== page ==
Emergency Providence/Bristol Ferry (Seastreak & RIDOT)

ALRIGHTY! I was NOT anticipating this when a national emergency was declared over the I-195 bridge closure in December. Well, given it just got announced that it’s ending in two weeks due to low ridership, I decided, at 4:15 AM on the day of writing this (1/6/24), that I’m going to ride this ferry and see what it’s like. With that in mind, let’s look at the ferry, shall we?

Yep. There’s a shuttle.

Now, I WOULD ride the shuttle for the full experience. However, there’s one issue with that: I’m doing this on a Saturday – and the shuttles don’t run on weekends. This means, I’m at the behest of bus routes 35, 60, and 78 on the Providence end (& even then, the closest stop is right before I-195), and route 60 on the Bristol end. Yikes. That translates to a combination of (presumably) uncoordinated headways of 30, 90, and 45 minutes on one end, and 30 minutes on the other (fortunately it’s one route in Bristol!). Anyhow! I got on the second run of the 13, went all the way into Providence, and to the ferry dock. In terms of what awaited me? It’s basically the Newtonville of ferry docks: very barebones and next to I-195. Eww. 1/10 rating from me.

Yep. That’s the entire ferry terminal. Quite sad, to be real.

Upon boarding the ferry though, it was quite nice actually. You have restrooms, a lot of seating, provisions for food amenities (not used), and even television service on the boat I rode down to Bristol. In terms of comfort vs. things that I normally ride, I’d have to actually say this is about on par with an Amfleet. For context, I LOVE the Amfleets with how comfy the seats are and the legroom. Honestly, I’m not sure if the Ventures out west can beat them. Eventually, we got moving and were on the high seas for about 35-40 minutes, before we docked at Bristol’s ferry terminal. So, how was that?

I was the only one up here.
The Bristol terminal

The Bristol terminal was a different story. It’s a small parking lot, yes, but you also have an actual park in the area as well, with benches. You also have shopping in the area as well, which is nice. No sheltered waiting room, though, but meh. Rating: 4/10.

A park and the marina
Some shopping
Local charter tour bus
My return trip

So, why is RIDOT canning the ferry service? Well, I’ve seen many arguments online with people saying “it’s a waste of taxpayer money” and all that usual bullshit. And, to an extent, I might be inclined to agree. However, just saying that alone and not doing an autopsy isn’t good enough for me. While local ridership exists, it’s currently just too niche a thing for more people to use regularly. For one, it just isn’t convenient in comparison to RIPTA’s bus route 60. Take a look at this.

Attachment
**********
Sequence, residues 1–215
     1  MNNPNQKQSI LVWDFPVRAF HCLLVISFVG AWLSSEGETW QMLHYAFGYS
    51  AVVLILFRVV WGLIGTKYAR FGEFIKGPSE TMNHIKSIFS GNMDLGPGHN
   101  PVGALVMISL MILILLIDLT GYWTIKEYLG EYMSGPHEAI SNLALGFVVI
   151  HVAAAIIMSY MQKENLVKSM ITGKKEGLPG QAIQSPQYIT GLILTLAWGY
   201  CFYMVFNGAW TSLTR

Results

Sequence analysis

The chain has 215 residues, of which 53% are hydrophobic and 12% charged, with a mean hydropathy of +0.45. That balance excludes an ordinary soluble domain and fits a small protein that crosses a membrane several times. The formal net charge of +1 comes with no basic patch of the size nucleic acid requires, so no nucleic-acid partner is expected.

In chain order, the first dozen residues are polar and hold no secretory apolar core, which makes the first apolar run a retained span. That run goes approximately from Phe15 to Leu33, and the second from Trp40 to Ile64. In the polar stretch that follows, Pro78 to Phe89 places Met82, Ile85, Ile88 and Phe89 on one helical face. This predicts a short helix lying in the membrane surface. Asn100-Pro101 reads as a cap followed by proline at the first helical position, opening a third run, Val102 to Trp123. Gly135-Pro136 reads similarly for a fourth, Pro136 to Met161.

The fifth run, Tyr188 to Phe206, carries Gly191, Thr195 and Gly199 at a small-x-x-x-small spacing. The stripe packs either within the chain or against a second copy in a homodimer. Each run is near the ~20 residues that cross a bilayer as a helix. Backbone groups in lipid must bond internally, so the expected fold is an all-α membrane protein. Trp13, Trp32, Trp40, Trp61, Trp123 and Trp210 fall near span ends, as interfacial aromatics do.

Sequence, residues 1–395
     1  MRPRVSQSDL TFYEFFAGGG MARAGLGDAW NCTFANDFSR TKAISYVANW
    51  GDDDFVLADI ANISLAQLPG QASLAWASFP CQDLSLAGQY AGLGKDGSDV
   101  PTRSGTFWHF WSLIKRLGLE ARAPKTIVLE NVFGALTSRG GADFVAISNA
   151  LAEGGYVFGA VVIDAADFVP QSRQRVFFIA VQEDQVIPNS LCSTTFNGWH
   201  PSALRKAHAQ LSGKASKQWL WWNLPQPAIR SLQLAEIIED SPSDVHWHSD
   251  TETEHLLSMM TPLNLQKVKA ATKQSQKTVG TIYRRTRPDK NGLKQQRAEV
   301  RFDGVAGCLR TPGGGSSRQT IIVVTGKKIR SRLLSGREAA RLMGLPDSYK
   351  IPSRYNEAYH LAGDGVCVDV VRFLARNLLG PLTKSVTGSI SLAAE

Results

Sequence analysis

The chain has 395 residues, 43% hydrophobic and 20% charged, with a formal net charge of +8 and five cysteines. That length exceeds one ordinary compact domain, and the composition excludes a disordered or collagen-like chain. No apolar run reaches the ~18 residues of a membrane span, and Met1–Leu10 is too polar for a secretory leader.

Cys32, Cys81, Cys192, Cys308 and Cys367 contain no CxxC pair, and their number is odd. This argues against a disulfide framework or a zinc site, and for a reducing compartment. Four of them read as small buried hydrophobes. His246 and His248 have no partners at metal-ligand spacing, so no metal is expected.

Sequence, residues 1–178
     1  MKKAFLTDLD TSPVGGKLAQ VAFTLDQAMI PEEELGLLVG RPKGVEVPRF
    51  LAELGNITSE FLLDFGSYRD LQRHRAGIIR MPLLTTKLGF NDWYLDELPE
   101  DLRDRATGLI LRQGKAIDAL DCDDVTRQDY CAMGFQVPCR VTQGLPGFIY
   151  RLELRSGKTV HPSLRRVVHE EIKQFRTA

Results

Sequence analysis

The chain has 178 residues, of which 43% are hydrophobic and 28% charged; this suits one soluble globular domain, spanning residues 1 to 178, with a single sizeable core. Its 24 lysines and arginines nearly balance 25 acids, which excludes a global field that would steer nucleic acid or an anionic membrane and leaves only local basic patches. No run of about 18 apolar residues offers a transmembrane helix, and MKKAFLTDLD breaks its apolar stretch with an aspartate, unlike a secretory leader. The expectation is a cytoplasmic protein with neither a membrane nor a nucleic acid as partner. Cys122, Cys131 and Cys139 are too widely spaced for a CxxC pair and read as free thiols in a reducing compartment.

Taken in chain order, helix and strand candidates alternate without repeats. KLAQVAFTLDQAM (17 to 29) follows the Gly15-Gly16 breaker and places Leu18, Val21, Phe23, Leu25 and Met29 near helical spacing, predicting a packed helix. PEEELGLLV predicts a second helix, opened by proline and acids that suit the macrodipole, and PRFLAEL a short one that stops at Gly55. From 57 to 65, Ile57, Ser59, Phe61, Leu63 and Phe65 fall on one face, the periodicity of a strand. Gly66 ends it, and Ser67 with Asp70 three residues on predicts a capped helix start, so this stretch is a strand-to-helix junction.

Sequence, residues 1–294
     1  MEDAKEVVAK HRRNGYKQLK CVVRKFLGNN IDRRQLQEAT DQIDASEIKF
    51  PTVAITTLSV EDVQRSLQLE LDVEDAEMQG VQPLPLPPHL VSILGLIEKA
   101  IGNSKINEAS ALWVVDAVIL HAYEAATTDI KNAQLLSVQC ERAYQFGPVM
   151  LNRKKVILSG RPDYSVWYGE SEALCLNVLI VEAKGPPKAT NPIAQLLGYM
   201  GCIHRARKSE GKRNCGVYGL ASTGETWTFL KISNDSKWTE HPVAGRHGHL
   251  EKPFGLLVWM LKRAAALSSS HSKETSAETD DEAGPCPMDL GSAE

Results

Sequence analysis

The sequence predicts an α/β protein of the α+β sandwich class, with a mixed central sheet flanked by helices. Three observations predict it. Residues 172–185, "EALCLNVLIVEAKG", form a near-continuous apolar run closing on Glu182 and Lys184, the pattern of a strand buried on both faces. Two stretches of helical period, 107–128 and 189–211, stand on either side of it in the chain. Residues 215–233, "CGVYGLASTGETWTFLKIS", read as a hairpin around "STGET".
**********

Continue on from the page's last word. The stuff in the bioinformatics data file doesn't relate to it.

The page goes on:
Would “paddle” be appropriate, like with bus runs?

There’s a 3 hour gap midday for servicing and the crew to take their breaks. I mean, I understand that these people need to take breaks legally (& I can’t fault them for wanting one), and the boats need to be serviced occasionally, but there really ought to be some way to mitigate the gap in service. Never mind this, it’s the middle of winter. Only the bravest of souls are going to sail the high seas at this time of year. And, most of all, PVD-Bristol isn’t really that big a commuter market. I mean, if anything, PVD-Bristol is a spring/summer/fall route, not something you’d run in the winter. Seriously, RIDOT, I’d WANT to ride this more if it ran in the spring or summer!!! Even if fares were $4 or smth, and it were under the RIPTA umbrella! Actually, if anything, I’d argue a case where RIPTA gets proper funding AND additional funding to take on the state’s ferry network, presumably contracted out to Seastreak. Also, shoutout to the friendly people working the boats at Seastreak.

With all that in mind, I’d actually have to give the ferry service itself an 8/10. I mean, it’s reasonably fast, or at least time-competitive with RIPTA’s 60, and the Bristol terminal is in a central location. The biggest issues here boil down to the Providence terminal basically being another Newtonville, and with minimal bus connections (& no references to the ferry on said buses). The midday gap is also bleh, I get it exists for servicing reasons, but it hinders the usability of the ferry. Overall though, it’s pretty good, and I wish RIDOT wasn’t prematurely killing it off.

Rating: 8/10

The Mt. Hope Bridge!

Author: chelsea

i own this site and write.

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